Access to care is limited in Knox County, Barbuto said, not because there are not enough doctors, which she said is still a problem, but because the doctors and medical services, especially in preventative care and specialized care, tend to be concentrated to the city of Mount Vernon. Very specialized care, Barbuto said, can even require leaving the county.
Insurance can be a huge barrier in limiting county resident access to care, especially routine preventative care, Barbuto explained. With an average of 15 percent of residents falling at or below the poverty level, high deductibles or no insurance coverage whatsoever (11 percent of Knox County residents) limit resident access to routine preventative care.
Transportation also has been a barrier to care for Knox County residents, Barbuto said.
“We’re trying to close that gap and reduce those barriers,” Barbuto said. “The goal really behind that is a lot of times, people will wait and wait, and wait and then a lot of times their issue is so large that it takes months to recover and months to kind of get through whatever it is that they put off going to see the doctor for. Preventative care is so important.”
The KHPP, in partnership with the Health Department and Knox Community Hospital, has come up with a comprehensive list of providers that offer preventative care that includes information about which insurance’s the different providers accept, with the goal of removing some of the stress residents feel of finding a provider that they can afford. In future months, Barbuto said, KHPP, Knox Community and the Health Department will be working together to form a marketing and promotional plan to help raise awareness.
Within the access to care priority area, the KHPP is also looking at providing comprehensive sex-education through doctors offices “in terms of contraceptive education” and within area schools through “comprehensive preventative sexual education for our students and our teenagers,” Barbuto explained.
Roughly 19 to 20 percent of Knox County Parents, according to the CHA, don’t speak with their teens about risky behavior which includes drugs and alcohol use, as well as preventative sex-education, Barbuto said. So far, KHPP has identified two potential evidence-based comprehensive sex-ed health education curriculum, which Barbuto said will need further research and conversation about how they “may or may not” be introduced as a potential resource for students.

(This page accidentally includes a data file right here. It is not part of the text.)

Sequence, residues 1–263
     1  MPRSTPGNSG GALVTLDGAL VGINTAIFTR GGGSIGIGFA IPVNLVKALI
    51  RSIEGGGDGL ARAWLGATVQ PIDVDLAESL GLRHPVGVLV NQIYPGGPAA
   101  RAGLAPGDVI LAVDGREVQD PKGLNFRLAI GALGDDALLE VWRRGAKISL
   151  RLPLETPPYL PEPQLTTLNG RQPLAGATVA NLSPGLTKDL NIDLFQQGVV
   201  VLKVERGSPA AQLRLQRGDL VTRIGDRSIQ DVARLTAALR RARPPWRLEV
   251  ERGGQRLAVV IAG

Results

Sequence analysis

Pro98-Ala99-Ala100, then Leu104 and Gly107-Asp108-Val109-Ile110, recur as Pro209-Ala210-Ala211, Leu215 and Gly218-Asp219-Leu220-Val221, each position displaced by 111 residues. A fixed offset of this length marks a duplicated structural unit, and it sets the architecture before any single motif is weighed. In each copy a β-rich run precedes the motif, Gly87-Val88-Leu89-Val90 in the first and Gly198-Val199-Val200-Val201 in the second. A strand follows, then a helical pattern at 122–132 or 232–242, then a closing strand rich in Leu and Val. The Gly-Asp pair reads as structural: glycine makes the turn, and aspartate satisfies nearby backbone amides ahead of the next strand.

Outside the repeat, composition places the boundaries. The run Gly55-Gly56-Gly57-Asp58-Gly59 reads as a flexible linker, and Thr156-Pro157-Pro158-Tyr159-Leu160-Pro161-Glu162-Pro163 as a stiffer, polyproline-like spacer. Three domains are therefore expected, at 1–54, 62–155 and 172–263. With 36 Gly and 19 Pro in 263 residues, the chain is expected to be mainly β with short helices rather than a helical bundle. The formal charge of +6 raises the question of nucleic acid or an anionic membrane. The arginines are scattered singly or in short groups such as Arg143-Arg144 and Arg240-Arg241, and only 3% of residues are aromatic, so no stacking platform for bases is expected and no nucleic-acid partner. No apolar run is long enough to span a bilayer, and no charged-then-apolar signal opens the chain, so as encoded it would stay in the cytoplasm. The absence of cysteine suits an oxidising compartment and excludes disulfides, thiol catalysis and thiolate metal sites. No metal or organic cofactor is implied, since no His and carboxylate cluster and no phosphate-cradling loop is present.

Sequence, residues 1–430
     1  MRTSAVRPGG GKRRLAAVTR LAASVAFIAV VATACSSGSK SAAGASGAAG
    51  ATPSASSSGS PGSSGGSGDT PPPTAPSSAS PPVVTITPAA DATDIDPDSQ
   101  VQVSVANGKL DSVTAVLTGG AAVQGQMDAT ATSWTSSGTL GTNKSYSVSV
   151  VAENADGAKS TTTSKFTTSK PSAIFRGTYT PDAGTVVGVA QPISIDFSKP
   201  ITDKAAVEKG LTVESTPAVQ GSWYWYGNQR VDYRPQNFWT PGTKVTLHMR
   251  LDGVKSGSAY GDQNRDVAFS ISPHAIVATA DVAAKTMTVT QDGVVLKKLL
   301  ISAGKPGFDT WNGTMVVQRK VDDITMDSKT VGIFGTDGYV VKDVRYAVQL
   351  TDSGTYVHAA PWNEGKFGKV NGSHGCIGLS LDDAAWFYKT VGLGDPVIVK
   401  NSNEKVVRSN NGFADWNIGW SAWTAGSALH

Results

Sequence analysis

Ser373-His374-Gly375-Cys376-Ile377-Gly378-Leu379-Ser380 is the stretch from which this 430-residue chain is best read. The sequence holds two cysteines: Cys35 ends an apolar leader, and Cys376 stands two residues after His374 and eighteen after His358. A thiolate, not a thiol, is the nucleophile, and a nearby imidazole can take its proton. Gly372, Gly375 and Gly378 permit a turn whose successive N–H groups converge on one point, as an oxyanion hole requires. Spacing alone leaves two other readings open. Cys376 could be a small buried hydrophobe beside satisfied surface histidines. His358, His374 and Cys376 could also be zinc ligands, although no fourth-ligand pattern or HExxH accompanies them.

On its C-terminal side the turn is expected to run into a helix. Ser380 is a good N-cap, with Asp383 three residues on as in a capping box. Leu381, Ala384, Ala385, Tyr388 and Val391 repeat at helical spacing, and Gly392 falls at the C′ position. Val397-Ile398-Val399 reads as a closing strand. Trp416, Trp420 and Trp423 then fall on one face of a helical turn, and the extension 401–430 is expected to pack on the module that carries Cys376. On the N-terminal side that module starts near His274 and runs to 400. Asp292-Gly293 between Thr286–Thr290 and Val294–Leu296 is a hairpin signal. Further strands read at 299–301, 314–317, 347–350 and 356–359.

Mental Health and Addiction
Mental health and addiction was chosen as a priority area, according to Barbuto, because of the large amounts of drug abuse and misuse issues reported in the area. She explained that the approach to the priority area will be different because it will look at the issue of addiction through the scope of mental illness.
“So many times people want to talk about addiction and addiction solely and not just addiction and mental health, because they do go hand-in-hand,” Barbuto said. “We have big focuses on resilience and adverse childhood experiences. Basically, in the best way I know how to explain that is, when you look at someone, instead of saying ‘what’s wrong with you?’ you say ‘what happened to you?’
“So that’s sort of what our approach is right now, looking at strategies that help create a trauma informed community, so it changes everyone’s outlook to ‘what happened to you?’ ‘cause you can find a lot more empathy that way and I think that we’ll get a lot more done when focus on this idea that it’s not one single solitary issue, it’s a culmination of things that have gone on in people’s lives,” Barbuto continued.
The Resilience Team, a part of KHPP, has lead six showings of the film “Resilience: The Biology of Stress & The Science of Hope” to a total of 775 people in the community, Barbuto said. The films focus on adverse childhood experiences and how they effect adult health and also help teach the audience about trauma informed care.
“Just that initial viewing and just kind of getting that basic understanding of you know ‘this is something that is an issue’ leads to a lot of questions and it leads to a lot of people wanting to know more,” Barbuto said.
Three 2-day mental health first aid training sessions through Mental Health and Recovery of Licking and Knox County have been hosted in Knox County as well to teach attendees how to address to mental health crises.
Barbuto explained that the CHA revealed that nine percent of Knox County residents feel sad or depressed “consistently, every day, for two plus weeks.” Nine percent of the population of Knox County’s roughly 61,000 residents is more than 5,000 people, Barbuto said.
“That number was really scary to me because it was like ‘that’s a lot that’s a lot of people,” Barbuto said. “That’s 5,000 people in our county that are struggling with depression and all the, you know, risks of depression and what it could potentially lead to. But that is also 5,000 opportunities to really help someone and really change their life.”